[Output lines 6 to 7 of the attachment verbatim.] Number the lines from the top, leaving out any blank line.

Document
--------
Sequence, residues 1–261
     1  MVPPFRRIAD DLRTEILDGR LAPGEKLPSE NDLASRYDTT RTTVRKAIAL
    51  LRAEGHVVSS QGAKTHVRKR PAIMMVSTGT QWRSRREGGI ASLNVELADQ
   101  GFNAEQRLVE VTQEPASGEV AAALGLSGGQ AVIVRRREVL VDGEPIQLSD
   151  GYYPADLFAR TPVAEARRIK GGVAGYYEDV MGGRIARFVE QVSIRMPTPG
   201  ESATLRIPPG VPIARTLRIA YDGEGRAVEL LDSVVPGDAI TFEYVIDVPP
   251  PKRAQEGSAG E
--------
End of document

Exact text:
   201  ESATLRIPPG VPIARTLRIA YDGEGRAVEL LDSVVPGDAI TFEYVIDVPP
   251  PKRAQEGSAG E